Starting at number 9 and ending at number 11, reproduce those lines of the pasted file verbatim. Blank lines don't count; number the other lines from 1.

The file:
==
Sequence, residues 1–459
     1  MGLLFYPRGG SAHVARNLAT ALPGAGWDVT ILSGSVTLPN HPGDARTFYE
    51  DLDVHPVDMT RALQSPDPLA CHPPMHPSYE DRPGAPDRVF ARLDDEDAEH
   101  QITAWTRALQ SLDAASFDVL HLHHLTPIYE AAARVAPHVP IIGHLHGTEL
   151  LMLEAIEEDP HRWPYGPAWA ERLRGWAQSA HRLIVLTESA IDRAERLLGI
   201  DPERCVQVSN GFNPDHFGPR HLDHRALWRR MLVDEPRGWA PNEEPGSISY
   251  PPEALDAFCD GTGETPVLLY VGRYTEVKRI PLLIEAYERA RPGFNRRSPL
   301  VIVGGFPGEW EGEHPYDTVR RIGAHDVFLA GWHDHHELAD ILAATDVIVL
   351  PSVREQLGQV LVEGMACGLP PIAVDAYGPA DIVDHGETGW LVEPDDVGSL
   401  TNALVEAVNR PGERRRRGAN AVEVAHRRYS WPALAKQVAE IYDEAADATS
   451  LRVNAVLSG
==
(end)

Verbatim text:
   351  PSVREQLGQV LVEGMACGLP PIAVDAYGPA DIVDHGETGW LVEPDDVGSL
   401  TNALVEAVNR PGERRRRGAN AVEVAHRRYS WPALAKQVAE IYDEAADATS
   451  LRVNAVLSG